“You need a degree to be a librarian?” is often the first question I hear in response to my master’s degree in library and information science (MLS). The answer is yes and no. Many fantastic librarians do not have advanced degrees. I, however, decided to pursue my MLS for two reasons. First, I wanted to work as an academic librarian at a college or university, which typically requires an advanced degree. During and after my studies, I worked in various departments at the library at my university. Working at the university library provided me with practical experience. Second, I wanted to learn more about the field of librarianship — historically, theoretically, and practically — which also prompted my decision to earn an MLS rather than only working in a library.
Stereotypes aside, working in a library is so much more than sitting behind a foreboding desk, shushing noisy patrons, and stamping and shelving books. The library is also much more than just a place. Libraries are about information. Anyone can walk into a library and find an endless world of information. Libraries are keepers of books, journals, magazines, films, recordings, computer files, databases, artifacts, and more. However, the library is not simply a gatekeeper of information. Librarians strive to make information easily and freely accessible to all. Not to put myself out of a career, but the most successful library would be one in which librarians are obsolete because of the ease of access to the information.
Fortunately, librarians are also teachers, helping patrons learn how to find sources. With each new advance in technology, libraries and librarians must keep up to continue providing patrons with relevant sources and services. As a child, I clearly remember learning how to use the physical card catalog. Now with computers, the internet, and online databases, libraries use online catalogs. Searching for articles in journals and magazines no longer means flipping through the pages of a print index. Instead, libraries subscribe to electronic databases. The current library exists both physically and digitally. Who knows what the field will look like in the next couple of decades? Whatever the future holds, the library and librarians will be there to teach patrons how to wade through the informational landscape.
My time on the library board has coincided with my earning my MLS. During library expansion discussions, one important consideration that I learned from my studies that I brought up multiple times was that we needed to build a library for my grandchildren, not just a library for us or even for our children. The library is a keeper of the past and present but must also have foresight into the future. A library that is simply a building in which to store things is already outdated. First, the library is the last true public space, which the expansion at the public library fills through new and larger community and meeting rooms. Second, with our ever-growing dependence on technology, libraries must provide computer access and internet access to patrons. Through the expansion, the public library now has more public computers and continues to provide patrons with WiFi. Our society is dependent on the internet, but not everyone can afford a home computer. Thus, the library helps fill the informational and other needs of the community.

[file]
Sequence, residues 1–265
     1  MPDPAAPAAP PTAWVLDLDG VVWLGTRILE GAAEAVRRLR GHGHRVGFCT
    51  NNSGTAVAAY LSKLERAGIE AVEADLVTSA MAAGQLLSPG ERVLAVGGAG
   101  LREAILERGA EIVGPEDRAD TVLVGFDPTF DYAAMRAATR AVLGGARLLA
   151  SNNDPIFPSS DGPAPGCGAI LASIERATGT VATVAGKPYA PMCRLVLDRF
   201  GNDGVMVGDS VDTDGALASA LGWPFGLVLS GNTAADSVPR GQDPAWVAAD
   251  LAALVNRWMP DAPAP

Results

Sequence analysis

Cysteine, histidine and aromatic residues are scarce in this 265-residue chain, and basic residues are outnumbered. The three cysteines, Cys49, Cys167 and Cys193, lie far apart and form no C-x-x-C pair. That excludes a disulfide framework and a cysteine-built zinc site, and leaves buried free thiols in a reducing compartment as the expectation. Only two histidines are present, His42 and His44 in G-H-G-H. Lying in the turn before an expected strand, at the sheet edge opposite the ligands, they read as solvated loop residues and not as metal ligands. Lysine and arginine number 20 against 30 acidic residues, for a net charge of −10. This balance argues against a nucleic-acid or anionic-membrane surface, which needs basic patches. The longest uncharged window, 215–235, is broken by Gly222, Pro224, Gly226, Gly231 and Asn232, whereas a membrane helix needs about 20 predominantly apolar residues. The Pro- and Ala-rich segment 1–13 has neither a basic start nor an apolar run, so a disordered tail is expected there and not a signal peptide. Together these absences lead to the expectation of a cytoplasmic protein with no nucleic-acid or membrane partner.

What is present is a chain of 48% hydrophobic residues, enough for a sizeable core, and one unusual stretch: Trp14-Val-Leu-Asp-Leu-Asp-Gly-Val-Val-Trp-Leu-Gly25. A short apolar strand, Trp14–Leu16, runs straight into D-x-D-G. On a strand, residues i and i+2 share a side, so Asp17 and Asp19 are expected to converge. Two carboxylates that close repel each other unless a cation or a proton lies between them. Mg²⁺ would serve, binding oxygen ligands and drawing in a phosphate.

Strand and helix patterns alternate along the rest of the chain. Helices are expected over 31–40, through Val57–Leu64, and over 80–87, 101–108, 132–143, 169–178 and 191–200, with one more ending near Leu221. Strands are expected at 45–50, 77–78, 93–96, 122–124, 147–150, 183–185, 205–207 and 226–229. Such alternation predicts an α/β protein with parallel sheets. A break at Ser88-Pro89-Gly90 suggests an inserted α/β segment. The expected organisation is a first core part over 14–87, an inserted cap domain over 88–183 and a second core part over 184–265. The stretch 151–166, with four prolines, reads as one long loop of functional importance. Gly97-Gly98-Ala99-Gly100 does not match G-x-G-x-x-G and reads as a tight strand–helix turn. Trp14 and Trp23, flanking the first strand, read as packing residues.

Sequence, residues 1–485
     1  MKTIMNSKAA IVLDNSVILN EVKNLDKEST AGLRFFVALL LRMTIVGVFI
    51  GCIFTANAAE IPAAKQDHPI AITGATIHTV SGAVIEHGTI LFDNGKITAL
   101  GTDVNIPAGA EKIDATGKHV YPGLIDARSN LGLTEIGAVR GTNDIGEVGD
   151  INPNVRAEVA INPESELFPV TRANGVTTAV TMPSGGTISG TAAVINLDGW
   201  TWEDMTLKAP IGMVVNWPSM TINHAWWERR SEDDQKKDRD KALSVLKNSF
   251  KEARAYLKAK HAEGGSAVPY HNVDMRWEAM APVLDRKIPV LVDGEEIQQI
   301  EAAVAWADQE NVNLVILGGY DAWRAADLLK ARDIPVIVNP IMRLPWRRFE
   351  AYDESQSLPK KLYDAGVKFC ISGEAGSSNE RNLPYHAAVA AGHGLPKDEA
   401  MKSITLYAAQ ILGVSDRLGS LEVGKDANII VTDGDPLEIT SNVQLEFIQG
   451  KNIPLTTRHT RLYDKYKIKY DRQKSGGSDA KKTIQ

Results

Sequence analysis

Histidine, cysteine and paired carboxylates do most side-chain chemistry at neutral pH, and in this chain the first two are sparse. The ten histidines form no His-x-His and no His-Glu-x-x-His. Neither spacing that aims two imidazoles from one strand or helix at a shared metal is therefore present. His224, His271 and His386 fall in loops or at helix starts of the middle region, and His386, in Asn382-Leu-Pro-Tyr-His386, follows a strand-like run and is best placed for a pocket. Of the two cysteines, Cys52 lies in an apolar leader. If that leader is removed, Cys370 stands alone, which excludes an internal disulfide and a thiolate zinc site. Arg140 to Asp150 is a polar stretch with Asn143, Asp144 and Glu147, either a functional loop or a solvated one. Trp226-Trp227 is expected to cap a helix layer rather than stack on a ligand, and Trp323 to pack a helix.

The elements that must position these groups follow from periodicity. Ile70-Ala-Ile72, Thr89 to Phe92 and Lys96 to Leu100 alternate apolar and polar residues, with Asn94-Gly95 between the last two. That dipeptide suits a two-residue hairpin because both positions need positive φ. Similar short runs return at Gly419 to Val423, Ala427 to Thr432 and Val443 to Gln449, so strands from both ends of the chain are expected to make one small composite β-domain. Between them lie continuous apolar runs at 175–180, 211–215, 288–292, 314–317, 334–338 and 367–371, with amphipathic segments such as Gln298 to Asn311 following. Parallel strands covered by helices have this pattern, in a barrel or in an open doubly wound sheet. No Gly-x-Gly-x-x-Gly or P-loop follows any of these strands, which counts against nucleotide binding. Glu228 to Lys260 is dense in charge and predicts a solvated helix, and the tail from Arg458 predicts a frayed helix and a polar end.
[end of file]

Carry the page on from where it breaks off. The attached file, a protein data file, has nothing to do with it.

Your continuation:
Now that I have children, I continue to find more and more value in the public library. My children and I visit our public library as well as other libraries in the area a few times a week. Every child should be exposed to books and other information sources. As a parent, I love that I can check out an endless supply of books from the library for free. When I need a book that our library does not own, I can even hop online and request a copy for another library — for free. Although naysayers may scoff at the value of the modern library precisely because of the digital age in which we live, only a small percentage of information is actually available online for free. The rest you must pay for or is still available only in print. My children love playing their iPad, but they also love sitting down with a pile of books from the library. Not even Google, an app store, and an e-reader combined can provide the service and information offered by the library.
Although I did not decide to pursue a career in librarianship until college, I spent my childhood with books and in libraries. I fondly remember hanging out at my public library during the hottest days of the summer, soaking up the air conditioning while reading book after book. In junior high, I decided to reorganize the classroom library for my favorite English teacher because I wanted the books to be more accessible. I even helped attach barcodes to the books in the high school library during the switch to an online cataloging system. Then, as an undergraduate, I stumbled into a work study job at my university library and my career path was ultimately set. From our little public library to a much larger university library, the library has played a huge role in my life. Through the current expansion, the public library can continue to inspire current and future generations to value libraries and librarianship.
An Open Letter About the Continued Importance of Libraries: https://www.flickr.com/photos/benchun/3256355240/ (CC BY-SA 2.0) and https://www.flickr.com/photos/blue_mountains_library/23645852345/ (CC BY-SA 2.0)